Tag Archives: Kibera

Why Access to Sanitation is Key to Health, Development

When I was in Kenya this past July on the ONE Moms trip, I had quite a rude awakening when we traveled to rural areas -– a lack of toilets. There were not very many places for us to use the bathroom, unless we wanted to go in the bush or use one of the local latrines.

On the first day in Kisumu, in the western part of Kenya, I was forced to choose between using a latrine or waiting to get to a local hospital. Deciding I couldn’t wait, I walked to the latrine with a few of the other moms. Upon stepping in, I could barely breathe — the latrine smelled entirely of feces and urine and I absolutely could not overcome the smell to use the bathroom. Little did I know that it was one of the more sanitary latrines I would encounter during our time in rural Kenya. In Kibera, the lack of access to proper toilets was noticeable as well with bags of feces lining the streets. It’s no wonder cholera outbreaks are frequent.

It was then I realized something has to be done about sanitation in areas that desperately need it.

The lack of sanitary latrines in countries around the world is a serious problem and lack of sanitation claims the lives of thousands of people every year through connected diseases such as cholera and rotavirus, and parasites. It is vital to get this problem under control in order to save people from sickness and death.

According to this article, Sanitation: Cholera and the Super-loo, in the Economist some universities with the help of the Bill and Melinda Gates Foundation are coming up with smart ways to manage sanitation issues in developing nations. What is needed now? More investments in sanitation as well as smart ideas to solve the sanitation problem.

What is needed now? More investments in sanitation as well as smart ideas to solve the sanitation problem in developing countries. We know pit latrines work. It’s a matter of separately people from wastes. It’s now about access and smart investments to save people’s lives, especially children.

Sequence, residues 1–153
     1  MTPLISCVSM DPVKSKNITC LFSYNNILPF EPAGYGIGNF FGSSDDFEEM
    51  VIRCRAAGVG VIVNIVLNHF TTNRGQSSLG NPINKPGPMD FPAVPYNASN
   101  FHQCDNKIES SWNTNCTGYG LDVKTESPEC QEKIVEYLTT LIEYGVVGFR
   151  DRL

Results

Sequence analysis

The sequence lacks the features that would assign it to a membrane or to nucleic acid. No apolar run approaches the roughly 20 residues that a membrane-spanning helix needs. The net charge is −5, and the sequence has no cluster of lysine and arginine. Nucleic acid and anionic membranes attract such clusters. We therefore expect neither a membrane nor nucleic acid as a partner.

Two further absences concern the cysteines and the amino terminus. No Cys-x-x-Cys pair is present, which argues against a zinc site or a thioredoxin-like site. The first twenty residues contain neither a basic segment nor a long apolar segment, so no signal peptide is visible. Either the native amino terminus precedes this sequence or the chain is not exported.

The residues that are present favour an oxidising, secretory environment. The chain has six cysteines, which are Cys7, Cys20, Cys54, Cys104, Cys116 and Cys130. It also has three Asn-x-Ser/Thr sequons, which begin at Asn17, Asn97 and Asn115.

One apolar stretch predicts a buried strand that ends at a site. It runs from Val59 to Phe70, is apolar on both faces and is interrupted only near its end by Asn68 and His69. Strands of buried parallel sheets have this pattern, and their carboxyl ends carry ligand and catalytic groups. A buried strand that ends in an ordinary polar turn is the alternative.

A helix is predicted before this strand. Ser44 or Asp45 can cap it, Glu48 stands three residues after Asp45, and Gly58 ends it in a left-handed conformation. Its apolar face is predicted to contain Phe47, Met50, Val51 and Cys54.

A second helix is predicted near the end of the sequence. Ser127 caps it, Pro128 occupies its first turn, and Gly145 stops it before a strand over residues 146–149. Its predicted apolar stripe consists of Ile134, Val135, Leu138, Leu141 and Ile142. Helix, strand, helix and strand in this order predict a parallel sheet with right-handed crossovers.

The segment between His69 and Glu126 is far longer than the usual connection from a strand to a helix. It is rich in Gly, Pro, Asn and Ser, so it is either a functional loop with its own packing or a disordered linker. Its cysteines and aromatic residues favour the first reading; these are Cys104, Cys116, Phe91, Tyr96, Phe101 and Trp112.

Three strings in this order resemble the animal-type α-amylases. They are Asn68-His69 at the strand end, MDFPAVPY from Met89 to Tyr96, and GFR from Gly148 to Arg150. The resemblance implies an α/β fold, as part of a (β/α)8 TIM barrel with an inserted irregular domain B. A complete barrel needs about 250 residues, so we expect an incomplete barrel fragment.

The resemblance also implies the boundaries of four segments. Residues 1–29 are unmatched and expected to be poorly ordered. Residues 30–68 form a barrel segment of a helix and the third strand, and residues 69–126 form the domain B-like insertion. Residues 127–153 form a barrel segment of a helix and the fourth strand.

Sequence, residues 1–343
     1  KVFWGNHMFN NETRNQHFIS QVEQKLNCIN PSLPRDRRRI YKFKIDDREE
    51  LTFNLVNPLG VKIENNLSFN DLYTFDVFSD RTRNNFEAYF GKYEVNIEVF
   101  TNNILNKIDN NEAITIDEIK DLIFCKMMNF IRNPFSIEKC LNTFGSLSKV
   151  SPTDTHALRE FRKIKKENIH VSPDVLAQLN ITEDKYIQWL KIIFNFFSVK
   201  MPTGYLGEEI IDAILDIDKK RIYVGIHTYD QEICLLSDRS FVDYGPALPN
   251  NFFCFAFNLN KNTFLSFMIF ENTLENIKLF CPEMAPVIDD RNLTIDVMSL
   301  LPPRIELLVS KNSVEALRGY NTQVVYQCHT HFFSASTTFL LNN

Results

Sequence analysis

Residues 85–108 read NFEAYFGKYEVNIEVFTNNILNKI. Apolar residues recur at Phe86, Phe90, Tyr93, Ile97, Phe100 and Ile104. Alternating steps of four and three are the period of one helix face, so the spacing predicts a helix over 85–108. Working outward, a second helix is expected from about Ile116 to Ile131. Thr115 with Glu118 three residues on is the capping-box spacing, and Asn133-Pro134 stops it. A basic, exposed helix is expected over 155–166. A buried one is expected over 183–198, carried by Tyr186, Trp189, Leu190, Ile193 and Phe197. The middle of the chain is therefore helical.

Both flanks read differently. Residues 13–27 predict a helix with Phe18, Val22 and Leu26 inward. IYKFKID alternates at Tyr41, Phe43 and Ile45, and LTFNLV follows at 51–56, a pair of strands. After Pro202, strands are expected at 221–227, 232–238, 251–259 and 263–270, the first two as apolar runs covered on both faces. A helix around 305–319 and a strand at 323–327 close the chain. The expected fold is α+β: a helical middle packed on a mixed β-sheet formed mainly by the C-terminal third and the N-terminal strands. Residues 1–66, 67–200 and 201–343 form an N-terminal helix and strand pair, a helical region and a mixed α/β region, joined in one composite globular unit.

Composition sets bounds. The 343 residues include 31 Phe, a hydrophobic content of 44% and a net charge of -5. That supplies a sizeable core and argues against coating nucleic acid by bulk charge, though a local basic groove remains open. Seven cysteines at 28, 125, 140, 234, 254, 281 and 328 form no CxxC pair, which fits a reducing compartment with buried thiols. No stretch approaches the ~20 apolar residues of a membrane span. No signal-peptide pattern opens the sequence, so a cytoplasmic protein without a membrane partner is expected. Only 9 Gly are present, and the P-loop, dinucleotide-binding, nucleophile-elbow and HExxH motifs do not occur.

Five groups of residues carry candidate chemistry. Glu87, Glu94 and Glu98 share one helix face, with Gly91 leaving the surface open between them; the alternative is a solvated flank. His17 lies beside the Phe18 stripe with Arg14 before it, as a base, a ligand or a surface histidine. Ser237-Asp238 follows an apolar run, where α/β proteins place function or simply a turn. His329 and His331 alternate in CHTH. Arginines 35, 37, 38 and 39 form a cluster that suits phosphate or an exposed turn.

Photo:  Water pours into a rice field in Sapa, Viet Nam.According to the World Water Council, global fresh water consumption has increased six times over during the twentieth century, accompanying a tripling of the population in the same period.

UN Photo/Kibae Park

Sitting Down With Mary Martin Niepold, Founder of the Nyanya Project

One of the wonderful things about working in social good is the people you meet. I have met some amazing people over the past few years who are doing extraordinary things, even some in my own backyard.

Yesterday I joined Mary Martin Niepold for lunch and we chatted about Africa, her non-profit organization, the Nyanya Project, her recent TED talk at Wake Forest University where she is also a lecturer in journalism, the world of social good and ideas about future action campaigns. The Nyanya Project is a partner of Mom Bloggers for Social Good.

After visiting Africa as a volunteer in 2007 Mary was compelled to do something to help the people she had met, visited and worked with. As a grandmother herself she saw that no one was thinking about the grandmothers who carry so much of the burden of Africa as mothers and fathers die from AIDS and leave their children behind to be cared for. The grandmothers are the ones who are left.

The Nyanya Project empowers grandmothers to keep their families together in the face of AIDS devastation. They help African grandmothers form working cooperatives that generate the income necessary to provide healthcare, education and a loving home for their grandchildren.

The Nyanya Project also runs a preschool in Kibera, Kenya, one of the largest slums in east Africa. Children are able to get educated before they matriculate to primary school. They also get two meals a day and some of the grandmothers also work in the preschool.

Mary and the Nyanya Project are on the cusp of opening another preschool in Rwanda and are accepting donations to move towards opening their goal. If you would like to donate to the Nyanya Project visit them at www.nyanyaproject.org.

Partner Feature – The Nyanya Project

The Nyanya Project empowers grandmothers to keep their families together in the face of AIDS devastation. We help African grandmothers form working cooperatives that generate the income necessary to provide healthcare, education and a loving home for their grandchildren. After being trained to care for HIV-infected family members and reinvest income, the grandmothers become role models for other women in their communities. This sustainable model allows the grandmothers to become independent and ensures continued care for their families.

Visit them online at www.nyanyaproject.org and on fan them on Facebook at http://www.facebook.com/pages/Nyanya-Project/244424588947268